6 4.3. Public Taste in Facial Aesthetics. The opinions of doctors in the concept of ideas about facial aesthetics differ , and that what appears aesthetic to some is not liked by others. The same study confirms the opinion that, in the American population, white features are considered to be more attractive than Negroid (African) features. The study also claims that it is highly likely that the mass media have a great influence on unifying people’s taste. Television, films, newspapers, and magazines provide daily indoctrination regarding certain facial stereotypes. The orthodontist is subject to cultural preconceptions just like other people. Nevertheless, the interest of the orthodontist in facial aesthetics is more academic than emotional. 4.4. Facial Attractiveness and “Body Image”. Current findings claim that irregularities in the position of the teeth and jaws have physical, mental, and social consequences which have an impact on the quality of life . One example of this is a study which states that class II malocclusion can lead to psychosocial problems such as mockery, negative stereotyping, and low self-confidence . Interceptive treatment is recommended here to avoid the creation of low self-confidence. The way in which individuals perceive their body plays an important role in the feeling of safety and self-confidence. It is generally acknowledged that a strong correlation exists between physical appearance, especially facial aesthetics, and social attractiveness . It may logically seem that improvement of facial aesthetics in the individual will have a positive impact on “body image.” But this claim is controversial. Despite the fact that improvement of facial aesthetics is the primary reason for seeking orthodontic treatment , there is little evidence to support the connection between lacks of bite defects and measurably greater self-confidence . Social stereotyping, based on facial aesthetics, disproportionately affects adolescents and young adults. Furthermore, it could be the main factor in adapting oneself to life. 4.5. Facial Attractiveness and Teasing. Children who are regarded as more attractive are more accepted by their peers and those around them regard them as more intelligent. These individuals are more desirable as friends . It has been proven that irregularities in the position of the teeth and jaws are a cause of teasing and harassment among children and that they relate to decreased social attractiveness . Adolescents and adults with abnormalities in the position of their teeth and jaws may come up against discrimination in various environments . The existence of these established ideas may be found, for example, in animated films: the creators of animated stories typically use protruding upper incisors and a long type of face to depict people of low intellect and caricatures with a small upper jaw and prominent chin to depict the traits of a witch . Children of young school age are able to distinguish regular, nice looking teeth from irregular teeth. They are able to recognise crowding, gaps between the teeth, and the generally irregular position of the teeth . Even partial alignment of teeth in sensitive children can be of psychological importance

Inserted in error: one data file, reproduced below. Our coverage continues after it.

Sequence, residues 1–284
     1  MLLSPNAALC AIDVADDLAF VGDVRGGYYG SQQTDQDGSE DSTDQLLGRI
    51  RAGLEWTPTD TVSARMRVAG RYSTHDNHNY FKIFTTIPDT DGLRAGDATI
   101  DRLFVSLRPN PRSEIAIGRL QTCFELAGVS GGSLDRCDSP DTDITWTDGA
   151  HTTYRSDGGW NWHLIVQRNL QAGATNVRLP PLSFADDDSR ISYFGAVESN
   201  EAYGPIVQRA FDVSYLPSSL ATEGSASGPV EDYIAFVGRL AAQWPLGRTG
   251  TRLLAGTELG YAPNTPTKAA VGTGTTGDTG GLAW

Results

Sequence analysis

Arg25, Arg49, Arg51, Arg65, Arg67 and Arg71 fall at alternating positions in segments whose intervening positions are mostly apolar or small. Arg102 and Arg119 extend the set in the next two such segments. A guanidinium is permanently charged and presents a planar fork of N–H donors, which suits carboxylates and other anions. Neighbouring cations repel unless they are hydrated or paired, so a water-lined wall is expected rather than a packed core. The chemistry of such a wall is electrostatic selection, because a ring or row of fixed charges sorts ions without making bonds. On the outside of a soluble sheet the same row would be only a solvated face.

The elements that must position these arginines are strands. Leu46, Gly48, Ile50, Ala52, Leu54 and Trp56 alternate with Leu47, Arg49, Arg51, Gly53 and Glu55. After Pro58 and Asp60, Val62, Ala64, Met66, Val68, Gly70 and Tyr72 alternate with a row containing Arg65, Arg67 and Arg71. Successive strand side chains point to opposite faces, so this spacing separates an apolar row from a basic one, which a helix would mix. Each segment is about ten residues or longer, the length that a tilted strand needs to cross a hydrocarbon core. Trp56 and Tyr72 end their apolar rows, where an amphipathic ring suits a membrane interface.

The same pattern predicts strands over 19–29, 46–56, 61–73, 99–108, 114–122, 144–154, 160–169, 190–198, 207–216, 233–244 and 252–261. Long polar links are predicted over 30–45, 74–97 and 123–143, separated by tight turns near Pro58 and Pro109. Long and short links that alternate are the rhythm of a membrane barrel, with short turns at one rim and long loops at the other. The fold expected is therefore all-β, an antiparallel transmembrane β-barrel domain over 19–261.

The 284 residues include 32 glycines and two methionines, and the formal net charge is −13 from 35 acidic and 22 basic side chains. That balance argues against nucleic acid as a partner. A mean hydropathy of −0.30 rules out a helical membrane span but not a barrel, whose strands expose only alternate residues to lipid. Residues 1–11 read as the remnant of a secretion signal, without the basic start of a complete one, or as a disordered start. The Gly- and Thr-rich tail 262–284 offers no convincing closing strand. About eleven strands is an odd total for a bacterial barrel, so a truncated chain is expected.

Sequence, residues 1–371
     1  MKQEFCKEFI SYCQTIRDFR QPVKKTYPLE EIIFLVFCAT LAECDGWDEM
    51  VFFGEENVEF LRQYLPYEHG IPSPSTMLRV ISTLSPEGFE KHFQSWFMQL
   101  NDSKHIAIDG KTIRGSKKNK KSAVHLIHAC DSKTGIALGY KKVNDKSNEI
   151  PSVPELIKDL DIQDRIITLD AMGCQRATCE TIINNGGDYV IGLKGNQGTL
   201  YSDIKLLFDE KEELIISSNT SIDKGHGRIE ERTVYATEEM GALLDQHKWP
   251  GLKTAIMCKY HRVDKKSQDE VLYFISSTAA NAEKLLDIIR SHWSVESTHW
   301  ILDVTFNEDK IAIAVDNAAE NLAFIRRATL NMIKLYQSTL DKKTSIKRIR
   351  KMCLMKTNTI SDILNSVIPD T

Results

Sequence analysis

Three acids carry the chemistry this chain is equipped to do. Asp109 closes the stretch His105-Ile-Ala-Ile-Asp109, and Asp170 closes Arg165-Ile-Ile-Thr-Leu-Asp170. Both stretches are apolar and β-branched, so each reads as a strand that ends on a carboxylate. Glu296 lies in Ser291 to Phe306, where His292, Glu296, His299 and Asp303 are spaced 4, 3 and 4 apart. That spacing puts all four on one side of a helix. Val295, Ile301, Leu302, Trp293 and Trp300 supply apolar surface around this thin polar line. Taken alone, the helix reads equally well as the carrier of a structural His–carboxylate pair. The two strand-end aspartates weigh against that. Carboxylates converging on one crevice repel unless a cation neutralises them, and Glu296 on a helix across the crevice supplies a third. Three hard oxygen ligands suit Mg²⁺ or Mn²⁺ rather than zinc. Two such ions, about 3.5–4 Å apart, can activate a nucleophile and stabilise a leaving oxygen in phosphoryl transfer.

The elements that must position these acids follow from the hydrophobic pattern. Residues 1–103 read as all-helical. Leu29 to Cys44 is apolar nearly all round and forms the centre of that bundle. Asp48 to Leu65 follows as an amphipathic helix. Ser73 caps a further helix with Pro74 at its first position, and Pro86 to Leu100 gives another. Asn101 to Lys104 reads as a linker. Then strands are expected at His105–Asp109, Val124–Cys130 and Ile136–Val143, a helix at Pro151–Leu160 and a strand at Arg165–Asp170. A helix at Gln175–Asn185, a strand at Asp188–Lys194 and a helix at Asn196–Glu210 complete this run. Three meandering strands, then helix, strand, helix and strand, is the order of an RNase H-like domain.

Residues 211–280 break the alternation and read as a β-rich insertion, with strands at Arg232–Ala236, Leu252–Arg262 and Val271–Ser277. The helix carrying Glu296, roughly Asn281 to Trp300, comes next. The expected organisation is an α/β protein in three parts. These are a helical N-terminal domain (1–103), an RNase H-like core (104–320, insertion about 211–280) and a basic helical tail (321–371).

International Journal of Dentistry . Other reasons for teasing are crowding of the teeth in the frontal area of the teeth and deep bite. There were no enough articles to study the common motivational factors in orthodontic treatment. And authors consider that there is a need to determine individual motivational factors for orthodontic treatment from the point of view of the aesthetics, function, and health. Questionnaire-designed randomized studies about all known motivational factors for orthodontic treatment are still required based on more patiens, devided in different age groups and their parents. These are possible motivational factors to be included in the future questionnaire. They include teasing, self-esteem, better life opportunities, more friends, career opportunities, finding a better job, overall smile attractiveness, overjet, spacing, crowded upper teeth, crowded lower teeth, gummy smile, oral habits, clenching or bruxism, mouth breathing, impossible to close mouth, shape of teeth, color of teeth, diastema, missing teeth, problems with biting or chewing, improve dental health, dentist recommendation, and others, individually specified by patient.
5. Conclusion Dissatisfaction with one’s appearance, recommendation from a dentist, interest and worries on the part of the parents about neglecting their child’s teeth, and the impact of peers who wear braces rank among the main factors which contribute towards seeking out orthodontic treatment. Gender, age, intellectual level, social group, seriousness of the defect, and perception of one’s own facial aesthetics also relate to the desire to undergo orthodontic treatment or to provide this to one’s children. The influence of these factors depends on the social and cultural characteristics of the population subgroup. Understanding the factors which contribute towards seeking out orthodontic treatment allows for better planning of resources and better assessment of the requirements and priorities of treatment. The significance of the dentist in recommendation of orthodontic care is important because it is precisely the dentist who has a significant influence on the patient who needs this treatment. At the same time, however, it is also the relationship of the child with their parents which plays an important role in cooperation with the orthodontist. This is why it is important that the factors which influence parental attitude and behaviour are examined.
Disclosure Zdenek Broukal is the co-author.
Conflict of Interests The authors declare that there is no conflict of interests regarding the publication of this paper.
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Authors’ Contribution Lusine Samsonyanov´a set keywords for literature searching, collected and stratified respective literature sources, and prepared the paper. Zdenek Broukal checked and compared literature outcome using different searching engines and helped Lusine Samsonyanov´a to complete the paper.
Acknowledgments This study is supported by the Project of the Charles University Registration no. PRVOUK-P28/LF1/6 and by the GACR Registration no. 14-37368G.